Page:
At Michael Graham we know that when you’re selling your home getting the lighting just right is key to making the rooms look their best. In a property with high ceilings, nothing makes a greater impact than a statement light in the entrance hall, and this year chandeliers are set to be centre stage.
Written by Wesley Muchimwe | 29th January 2018
Light up your life with the trend for chandeliers
Art Deco chandeliers are already a big trend, according to eporta.com, the online interior design marketplace, who report that chandeliers and ceiling lighting were the most searched-for items among interior designers in 2017.
The word chandelier conjures up an image of an elaborate crystal affair hanging in a ballroom or grand reception room of a stately home. Certainly, crystal chandeliers by Lalique, Baccarat or Swarovski can be priceless works of art in themselves and are synonymous with opulence and status. At the other end of the scale though, chandeliers can also be more modest lighting fixtures. A simple wrought-iron chandelier is stunning and perfect in any setting, from a cottage or a barn to a contemporary home. They draw attention to themselves without dominating a room and look especially eye-catching with candles.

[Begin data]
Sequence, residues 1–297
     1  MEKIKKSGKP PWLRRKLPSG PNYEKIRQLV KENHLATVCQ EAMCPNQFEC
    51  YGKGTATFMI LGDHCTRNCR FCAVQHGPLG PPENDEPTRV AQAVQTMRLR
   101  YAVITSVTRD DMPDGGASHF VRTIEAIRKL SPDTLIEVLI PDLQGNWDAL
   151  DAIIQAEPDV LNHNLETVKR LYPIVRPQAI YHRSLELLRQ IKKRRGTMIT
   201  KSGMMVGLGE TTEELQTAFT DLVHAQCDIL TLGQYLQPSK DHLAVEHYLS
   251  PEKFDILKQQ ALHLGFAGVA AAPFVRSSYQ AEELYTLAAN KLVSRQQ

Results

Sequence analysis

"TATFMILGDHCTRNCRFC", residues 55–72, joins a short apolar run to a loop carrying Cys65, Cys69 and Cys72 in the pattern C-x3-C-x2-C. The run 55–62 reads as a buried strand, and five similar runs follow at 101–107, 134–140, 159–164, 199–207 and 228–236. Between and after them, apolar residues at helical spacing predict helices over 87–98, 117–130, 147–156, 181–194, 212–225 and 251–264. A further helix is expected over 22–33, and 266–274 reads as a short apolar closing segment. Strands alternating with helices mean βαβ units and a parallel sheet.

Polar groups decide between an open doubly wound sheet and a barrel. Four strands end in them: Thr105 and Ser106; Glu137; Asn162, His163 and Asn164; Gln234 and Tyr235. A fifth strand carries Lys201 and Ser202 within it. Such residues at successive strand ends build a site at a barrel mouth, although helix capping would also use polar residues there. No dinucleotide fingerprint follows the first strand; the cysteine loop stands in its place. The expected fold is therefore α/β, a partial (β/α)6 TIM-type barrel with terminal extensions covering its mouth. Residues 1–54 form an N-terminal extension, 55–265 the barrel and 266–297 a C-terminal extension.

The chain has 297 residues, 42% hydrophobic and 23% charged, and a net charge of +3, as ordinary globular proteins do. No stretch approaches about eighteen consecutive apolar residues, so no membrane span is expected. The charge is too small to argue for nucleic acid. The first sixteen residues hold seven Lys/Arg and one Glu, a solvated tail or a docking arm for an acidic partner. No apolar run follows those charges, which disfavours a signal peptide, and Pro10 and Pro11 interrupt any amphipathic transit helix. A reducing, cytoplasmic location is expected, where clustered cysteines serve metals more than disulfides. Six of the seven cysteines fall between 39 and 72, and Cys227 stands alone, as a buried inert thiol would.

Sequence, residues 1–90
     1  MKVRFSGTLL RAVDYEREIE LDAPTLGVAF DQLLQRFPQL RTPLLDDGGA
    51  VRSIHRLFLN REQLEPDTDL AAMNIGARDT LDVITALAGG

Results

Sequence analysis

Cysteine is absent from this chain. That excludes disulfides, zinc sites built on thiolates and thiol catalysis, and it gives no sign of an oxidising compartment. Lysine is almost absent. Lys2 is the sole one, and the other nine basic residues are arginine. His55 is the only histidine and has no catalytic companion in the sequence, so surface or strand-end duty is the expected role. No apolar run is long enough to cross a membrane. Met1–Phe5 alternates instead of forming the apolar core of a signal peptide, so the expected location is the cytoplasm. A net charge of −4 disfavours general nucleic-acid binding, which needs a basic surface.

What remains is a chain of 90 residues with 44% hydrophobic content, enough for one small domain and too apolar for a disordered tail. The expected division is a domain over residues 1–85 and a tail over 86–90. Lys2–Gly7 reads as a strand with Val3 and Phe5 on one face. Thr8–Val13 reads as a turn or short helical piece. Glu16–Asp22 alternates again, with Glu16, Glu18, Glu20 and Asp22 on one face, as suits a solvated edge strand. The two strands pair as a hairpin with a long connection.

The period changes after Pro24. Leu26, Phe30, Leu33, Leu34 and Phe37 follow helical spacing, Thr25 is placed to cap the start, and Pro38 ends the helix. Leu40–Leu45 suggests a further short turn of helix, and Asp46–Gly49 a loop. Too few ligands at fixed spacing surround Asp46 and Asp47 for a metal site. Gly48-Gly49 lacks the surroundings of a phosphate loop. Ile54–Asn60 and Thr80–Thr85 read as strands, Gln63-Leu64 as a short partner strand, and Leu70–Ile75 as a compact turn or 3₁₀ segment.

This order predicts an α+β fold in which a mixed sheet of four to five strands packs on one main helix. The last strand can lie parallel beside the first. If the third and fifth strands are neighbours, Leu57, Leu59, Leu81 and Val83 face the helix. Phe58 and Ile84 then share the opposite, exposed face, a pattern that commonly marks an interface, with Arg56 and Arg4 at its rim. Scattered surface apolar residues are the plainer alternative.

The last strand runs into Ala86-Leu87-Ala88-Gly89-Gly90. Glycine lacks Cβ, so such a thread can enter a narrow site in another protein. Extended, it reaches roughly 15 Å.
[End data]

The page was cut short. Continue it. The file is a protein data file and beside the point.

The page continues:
Traditionally, chandeliers were hung in the centre of a room from an elaborate ceiling rose, but the move away from central light fixtures in today’s interiors make that a dated look. Consider alternative positions, especially if your home is contemporary. Off-centre or in a corner can work just as well, and don’t automatically assume that ornate crystal chandeliers will look ostentatious in a more modest property. Success to pulling off the look is all in the planning and the hanging. In a minimalist, modern interior, a crystal chandelier can fit right in and add to the room's ambience and sparkle. Chandeliers don’t have to be confined to entrance halls and drawing rooms either, the chandelier pictured here from The Conran Shop works perfectly above a dining room table. Just try to make sure you have a dimmer switch, especially with large chandeliers, and opt for opaque rather than clear bulbs for a softer glow to create that all important ambience.
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